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Lower Esophageal Ring

(Schatzki Ring; B Ring)

By Kristle Lee Lynch, MD, Assistant Professor of Medicine, Perelman School of Medicine at The University of Pennsylvania

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A lower esophageal ring is a 2- to 4-mm mucosal stricture that causes a ringlike narrowing of the distal esophagus at the squamocolumnar junction that often causes dysphagia.

The etiology of lower esophageal rings is controversial; the leading theories are that they are congenital, or caused by acid reflux or pill-induced esophagitis.

These rings cause intermittent dysphagia for solids. Symptoms can begin at any age but usually do not begin until after age 25. The swallowing difficulty comes and goes and is especially aggravated by meat and dry bread. Symptoms usually occur only when the esophageal lumen is < 12 mm in diameter and never when it is > 20 mm.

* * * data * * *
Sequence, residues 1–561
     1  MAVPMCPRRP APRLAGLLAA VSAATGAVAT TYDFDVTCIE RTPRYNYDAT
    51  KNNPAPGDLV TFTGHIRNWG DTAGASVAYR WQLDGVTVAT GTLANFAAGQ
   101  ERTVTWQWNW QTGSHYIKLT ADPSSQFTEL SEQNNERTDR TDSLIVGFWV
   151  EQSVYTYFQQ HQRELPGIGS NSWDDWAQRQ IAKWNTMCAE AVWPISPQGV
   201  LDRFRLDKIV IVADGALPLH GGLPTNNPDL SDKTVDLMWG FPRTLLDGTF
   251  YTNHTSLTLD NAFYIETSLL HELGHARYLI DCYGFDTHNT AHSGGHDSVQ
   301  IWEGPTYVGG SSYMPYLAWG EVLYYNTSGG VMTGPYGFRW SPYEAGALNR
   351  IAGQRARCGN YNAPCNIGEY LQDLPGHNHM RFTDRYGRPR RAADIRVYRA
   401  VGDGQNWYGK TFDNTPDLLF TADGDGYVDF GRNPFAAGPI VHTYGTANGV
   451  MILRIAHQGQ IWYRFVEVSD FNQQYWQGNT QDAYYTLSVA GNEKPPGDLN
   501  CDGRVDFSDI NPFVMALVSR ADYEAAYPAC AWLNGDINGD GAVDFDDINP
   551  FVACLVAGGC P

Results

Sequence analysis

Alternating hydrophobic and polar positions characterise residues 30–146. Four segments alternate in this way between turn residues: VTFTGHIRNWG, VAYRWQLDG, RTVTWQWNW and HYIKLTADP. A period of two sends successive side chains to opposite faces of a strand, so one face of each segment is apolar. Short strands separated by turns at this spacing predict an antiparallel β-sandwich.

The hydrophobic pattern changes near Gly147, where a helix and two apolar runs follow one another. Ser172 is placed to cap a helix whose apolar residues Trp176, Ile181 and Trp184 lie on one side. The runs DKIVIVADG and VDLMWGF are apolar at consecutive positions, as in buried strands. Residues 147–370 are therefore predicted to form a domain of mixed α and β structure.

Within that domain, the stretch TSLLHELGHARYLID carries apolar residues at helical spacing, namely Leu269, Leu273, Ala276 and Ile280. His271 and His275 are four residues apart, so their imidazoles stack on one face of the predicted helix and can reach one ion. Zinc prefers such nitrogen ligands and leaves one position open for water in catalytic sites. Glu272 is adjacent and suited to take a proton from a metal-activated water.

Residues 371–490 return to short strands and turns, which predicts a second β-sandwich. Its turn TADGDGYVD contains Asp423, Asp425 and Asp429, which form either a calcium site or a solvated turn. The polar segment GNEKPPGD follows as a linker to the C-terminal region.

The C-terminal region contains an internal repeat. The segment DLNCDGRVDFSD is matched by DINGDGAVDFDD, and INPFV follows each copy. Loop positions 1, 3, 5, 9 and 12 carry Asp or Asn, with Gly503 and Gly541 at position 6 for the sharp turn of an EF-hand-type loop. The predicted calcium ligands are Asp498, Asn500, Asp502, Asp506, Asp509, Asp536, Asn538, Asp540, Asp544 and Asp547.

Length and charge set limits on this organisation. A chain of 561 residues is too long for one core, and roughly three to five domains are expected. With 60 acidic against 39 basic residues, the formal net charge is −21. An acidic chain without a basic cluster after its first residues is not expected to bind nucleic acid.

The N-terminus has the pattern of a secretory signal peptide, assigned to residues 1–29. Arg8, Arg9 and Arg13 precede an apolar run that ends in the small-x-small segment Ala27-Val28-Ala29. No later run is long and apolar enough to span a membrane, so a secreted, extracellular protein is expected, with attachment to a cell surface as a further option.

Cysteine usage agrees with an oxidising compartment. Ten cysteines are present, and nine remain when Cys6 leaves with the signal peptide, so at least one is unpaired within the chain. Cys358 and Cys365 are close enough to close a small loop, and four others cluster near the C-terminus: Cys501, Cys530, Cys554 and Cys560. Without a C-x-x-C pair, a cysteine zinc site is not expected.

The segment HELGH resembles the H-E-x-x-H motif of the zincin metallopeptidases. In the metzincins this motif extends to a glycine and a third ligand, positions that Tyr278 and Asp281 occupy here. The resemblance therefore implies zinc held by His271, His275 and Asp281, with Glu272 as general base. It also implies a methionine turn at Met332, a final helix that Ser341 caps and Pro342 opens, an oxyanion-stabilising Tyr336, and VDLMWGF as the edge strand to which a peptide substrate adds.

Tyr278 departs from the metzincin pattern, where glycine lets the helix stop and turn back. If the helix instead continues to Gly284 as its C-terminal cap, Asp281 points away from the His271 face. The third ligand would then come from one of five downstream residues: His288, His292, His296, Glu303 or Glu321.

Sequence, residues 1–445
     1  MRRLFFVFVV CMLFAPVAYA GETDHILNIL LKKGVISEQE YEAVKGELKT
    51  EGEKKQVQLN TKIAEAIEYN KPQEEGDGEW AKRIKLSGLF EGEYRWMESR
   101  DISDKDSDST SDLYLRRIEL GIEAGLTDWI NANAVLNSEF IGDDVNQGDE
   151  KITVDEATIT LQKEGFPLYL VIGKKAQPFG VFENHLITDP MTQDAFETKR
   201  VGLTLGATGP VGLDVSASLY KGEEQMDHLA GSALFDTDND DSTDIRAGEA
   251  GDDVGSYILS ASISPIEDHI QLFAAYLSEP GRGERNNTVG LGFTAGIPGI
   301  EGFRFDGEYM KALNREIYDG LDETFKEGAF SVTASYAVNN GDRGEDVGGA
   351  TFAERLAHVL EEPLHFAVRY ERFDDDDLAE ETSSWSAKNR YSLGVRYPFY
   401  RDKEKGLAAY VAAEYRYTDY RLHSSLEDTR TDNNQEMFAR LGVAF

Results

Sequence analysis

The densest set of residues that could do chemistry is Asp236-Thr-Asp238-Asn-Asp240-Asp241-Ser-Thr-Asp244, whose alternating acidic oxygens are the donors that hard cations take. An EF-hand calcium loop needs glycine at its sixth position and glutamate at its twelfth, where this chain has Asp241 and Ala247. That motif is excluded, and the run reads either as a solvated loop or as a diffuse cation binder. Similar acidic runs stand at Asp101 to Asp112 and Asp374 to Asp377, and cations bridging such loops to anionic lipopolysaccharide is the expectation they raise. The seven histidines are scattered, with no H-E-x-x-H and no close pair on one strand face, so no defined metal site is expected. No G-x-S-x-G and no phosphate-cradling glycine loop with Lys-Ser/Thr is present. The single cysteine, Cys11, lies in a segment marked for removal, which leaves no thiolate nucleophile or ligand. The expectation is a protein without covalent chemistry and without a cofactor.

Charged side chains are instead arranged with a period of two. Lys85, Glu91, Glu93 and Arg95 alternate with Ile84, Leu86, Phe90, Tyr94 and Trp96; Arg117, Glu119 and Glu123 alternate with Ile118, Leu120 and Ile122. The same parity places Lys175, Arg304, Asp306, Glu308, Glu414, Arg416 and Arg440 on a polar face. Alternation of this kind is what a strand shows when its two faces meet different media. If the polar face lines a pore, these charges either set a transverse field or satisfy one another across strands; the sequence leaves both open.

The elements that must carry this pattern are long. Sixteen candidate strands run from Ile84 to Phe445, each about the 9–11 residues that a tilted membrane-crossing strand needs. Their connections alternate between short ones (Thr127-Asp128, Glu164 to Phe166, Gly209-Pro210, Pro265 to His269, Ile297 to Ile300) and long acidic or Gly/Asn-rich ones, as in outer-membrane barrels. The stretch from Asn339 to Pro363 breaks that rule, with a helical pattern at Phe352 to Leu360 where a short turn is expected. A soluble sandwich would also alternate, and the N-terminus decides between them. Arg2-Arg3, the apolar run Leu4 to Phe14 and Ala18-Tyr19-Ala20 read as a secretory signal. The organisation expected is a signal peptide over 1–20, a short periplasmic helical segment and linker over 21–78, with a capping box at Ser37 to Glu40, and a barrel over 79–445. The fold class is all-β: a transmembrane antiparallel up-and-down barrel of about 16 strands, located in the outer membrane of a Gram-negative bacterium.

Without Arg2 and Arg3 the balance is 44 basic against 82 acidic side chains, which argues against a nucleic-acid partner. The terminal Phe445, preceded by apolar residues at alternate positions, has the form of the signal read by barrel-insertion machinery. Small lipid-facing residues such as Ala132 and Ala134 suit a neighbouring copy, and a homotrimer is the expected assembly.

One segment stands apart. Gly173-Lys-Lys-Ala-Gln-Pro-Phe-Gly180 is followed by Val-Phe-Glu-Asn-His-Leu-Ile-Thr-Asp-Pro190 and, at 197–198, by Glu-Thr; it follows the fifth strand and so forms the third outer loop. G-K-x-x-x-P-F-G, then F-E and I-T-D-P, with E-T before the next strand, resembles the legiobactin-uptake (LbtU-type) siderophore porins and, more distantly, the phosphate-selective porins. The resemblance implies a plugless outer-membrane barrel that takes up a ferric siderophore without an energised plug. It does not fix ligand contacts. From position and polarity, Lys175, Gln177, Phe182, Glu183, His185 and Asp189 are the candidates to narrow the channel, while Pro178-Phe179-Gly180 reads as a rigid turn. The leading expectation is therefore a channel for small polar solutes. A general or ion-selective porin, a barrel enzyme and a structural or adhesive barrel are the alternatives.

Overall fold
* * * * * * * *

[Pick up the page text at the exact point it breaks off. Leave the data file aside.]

Typically, evaluation of dysphagia begins with upper endoscopy, which should show a ring large enough to cause symptoms. If the distal esophagus is adequately distended, barium x-rays usually also show the ring.

Instructing the patient to chew food thoroughly is usually the only treatment required in wider rings, but narrow-lumen rings require dilation by endoscopy or bougienage. Surgical resection is rarely required.

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